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Hastening Haitian political reform

By TY / July 25, 1985



IN recent years the United States has pushed the dictatorial ruling regime of Haiti, the Western Hemisphere's poorest nation, to make some progress toward democratization and to stop transgressing human rights. Otherwise, Congress has said, the vital $90 million in annual US aid and grants will be cut off. Unfortunately, Haiti's progress has been extremely modest. Congress and the Reagan administration should continue to demand that it do more in both areas: The suspicion is strong that recent moves have been primarily for show and not for effect.

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Haiti has made only the smallest moves toward political pluralism, including the badly flawed referendum earlier this week. Haitian dictator Jean-Claude Duvalier, whose title is President-for-life, still refuses to permit presidential elections. Among other features, the referendum permits the establishment of political parties, but it retains Mr. Duvalier as President-for-life and allows him to name his successor.

The government announced that ``Baby Doc's'' referendum had won approval, but it did not announce the vote: That's not the way democratic nations do things. But for the sake of credibility it is just as well, considering the repeat voting and the announced results of the last referendum, in 1971: 2,391,916 in favor of the government position, no voter against.

The suspicion is unavoidable that the latest referendum was conducted solely in an effort to keep Uncle Sam's money flowing.

In the area of human rights, Haiti has made somewhat more progress. Excesses by the secret police are said to have diminished, and some diplomats now say they believe no political prisoners are being held.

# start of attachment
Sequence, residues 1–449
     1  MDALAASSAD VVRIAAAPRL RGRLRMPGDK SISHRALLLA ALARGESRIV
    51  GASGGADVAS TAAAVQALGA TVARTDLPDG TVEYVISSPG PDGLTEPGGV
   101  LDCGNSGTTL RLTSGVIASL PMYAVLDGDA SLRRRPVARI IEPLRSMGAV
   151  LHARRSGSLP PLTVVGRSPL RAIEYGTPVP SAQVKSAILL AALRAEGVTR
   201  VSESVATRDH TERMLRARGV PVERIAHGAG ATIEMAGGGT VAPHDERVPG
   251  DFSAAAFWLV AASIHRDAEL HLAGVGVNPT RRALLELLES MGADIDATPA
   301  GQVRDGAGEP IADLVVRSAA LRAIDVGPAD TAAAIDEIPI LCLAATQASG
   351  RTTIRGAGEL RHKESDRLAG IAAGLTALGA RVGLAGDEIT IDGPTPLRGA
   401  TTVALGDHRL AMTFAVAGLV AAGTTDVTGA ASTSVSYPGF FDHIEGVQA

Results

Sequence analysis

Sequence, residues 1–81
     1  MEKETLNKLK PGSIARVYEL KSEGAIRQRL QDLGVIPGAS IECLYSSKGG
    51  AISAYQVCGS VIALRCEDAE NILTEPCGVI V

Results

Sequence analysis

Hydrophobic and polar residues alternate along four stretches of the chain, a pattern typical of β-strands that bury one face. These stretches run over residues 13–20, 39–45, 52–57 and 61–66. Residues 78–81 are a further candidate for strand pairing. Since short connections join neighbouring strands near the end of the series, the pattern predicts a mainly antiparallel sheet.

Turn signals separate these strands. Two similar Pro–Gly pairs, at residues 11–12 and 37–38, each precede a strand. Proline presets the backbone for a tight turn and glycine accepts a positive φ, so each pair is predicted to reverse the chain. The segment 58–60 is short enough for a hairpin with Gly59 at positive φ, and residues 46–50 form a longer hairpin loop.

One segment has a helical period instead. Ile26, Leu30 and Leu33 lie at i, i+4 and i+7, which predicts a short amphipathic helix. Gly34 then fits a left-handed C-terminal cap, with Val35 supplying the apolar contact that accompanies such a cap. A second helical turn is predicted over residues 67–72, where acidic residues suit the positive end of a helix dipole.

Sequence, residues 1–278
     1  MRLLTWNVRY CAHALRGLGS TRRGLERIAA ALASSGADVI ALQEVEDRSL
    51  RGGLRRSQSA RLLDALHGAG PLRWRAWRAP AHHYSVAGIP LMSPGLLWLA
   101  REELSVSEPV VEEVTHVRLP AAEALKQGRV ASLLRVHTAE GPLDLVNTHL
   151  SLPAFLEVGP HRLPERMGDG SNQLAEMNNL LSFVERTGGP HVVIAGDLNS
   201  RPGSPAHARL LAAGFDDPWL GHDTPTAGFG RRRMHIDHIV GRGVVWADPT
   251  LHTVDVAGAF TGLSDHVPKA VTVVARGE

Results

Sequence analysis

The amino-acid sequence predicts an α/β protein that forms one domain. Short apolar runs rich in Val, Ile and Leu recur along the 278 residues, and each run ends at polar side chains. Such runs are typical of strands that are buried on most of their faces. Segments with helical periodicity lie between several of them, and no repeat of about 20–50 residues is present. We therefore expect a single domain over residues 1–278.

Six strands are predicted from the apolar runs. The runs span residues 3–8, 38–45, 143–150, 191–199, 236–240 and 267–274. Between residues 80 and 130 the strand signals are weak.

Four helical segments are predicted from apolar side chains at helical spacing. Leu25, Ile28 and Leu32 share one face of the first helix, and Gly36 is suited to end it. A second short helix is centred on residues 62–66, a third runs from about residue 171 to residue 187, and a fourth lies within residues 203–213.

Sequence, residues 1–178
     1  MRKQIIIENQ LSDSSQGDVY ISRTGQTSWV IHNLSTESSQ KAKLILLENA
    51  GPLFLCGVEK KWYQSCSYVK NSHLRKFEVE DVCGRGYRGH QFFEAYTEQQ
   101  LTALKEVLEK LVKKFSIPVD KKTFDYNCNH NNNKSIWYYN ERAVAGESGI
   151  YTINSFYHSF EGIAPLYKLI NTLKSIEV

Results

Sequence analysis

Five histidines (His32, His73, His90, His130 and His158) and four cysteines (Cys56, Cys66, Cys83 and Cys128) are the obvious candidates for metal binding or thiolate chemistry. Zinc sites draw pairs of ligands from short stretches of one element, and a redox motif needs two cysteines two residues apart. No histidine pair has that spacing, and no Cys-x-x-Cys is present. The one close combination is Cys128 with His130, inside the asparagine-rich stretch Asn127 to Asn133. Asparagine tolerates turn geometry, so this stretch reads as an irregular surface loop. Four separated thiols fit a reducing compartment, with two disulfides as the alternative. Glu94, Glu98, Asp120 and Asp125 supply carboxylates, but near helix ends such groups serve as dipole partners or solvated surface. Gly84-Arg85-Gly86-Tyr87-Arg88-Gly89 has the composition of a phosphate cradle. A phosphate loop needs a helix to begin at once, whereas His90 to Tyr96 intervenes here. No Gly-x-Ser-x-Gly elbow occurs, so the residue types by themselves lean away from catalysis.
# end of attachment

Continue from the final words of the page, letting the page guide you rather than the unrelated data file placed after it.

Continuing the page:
Yet last year Amnesty International said that ``torture and ill-treatment of detainees has been regularly reported'' to it since Duvalier assumed office in 1971, and that since 1980 it had frequently appealed to the government for information about people who it believed were in danger of being tortured. Amnesty said it had received ``no substantive response.''

For a year Haiti had not arrested any journalists; some specialists had speculated that the government was easing up. This week, however, police arrested six journalists ``for investigation'' and seized 3,000 copies of what they called an unauthorized newspaper.

Haiti has other problems besides the deprivation of political and personal freedoms. Two of the most serious are illiteracy and a flattened economy.

An estimated 80 to 90 percent of Haitians can neither read nor write. Two years ago the number of children in the rural schools declined precipitously when farmers, many of whom raise pigs, lost their livelihood when the government ordered all pigs destroyed because of disease. Farmers could no longer afford the funds necessary to send their children to school.

The average annual income of Haitian families is only $300, with rural residents earning perhaps half as much. At the same time the Duvalier family, and a small number of other Haitians, have built up enormous fortunes.

Besides US government aid, a major source of revenue for the nation is the money that Haitians now living in the United States send home to relatives.

Despite these problems, there are signs of progress.

On the economic front, pigs free of disease are being reintroduced into the country. As soon as much larger numbers are provided, many farmers should be able to be at least marginally self-sufficient, as in the past.

The referendum approved this week contains what some opponents think may be a time bomb for authoritarian rule. For the first time it legalizes political parties, thus strengthening the prospect of increased debate of political, economic, and human rights issues. The debate will be public if the regime permits it, but private if it does not. Either way the referendum may encourage a public demand for change -- a result which Duvalier surely did not anticipate. Meanwhile, the role of the United States

and other nations should be to hold the government of Haiti to account. If it wants aid -- whether in dollars or pigs -- it should be required to help its own people.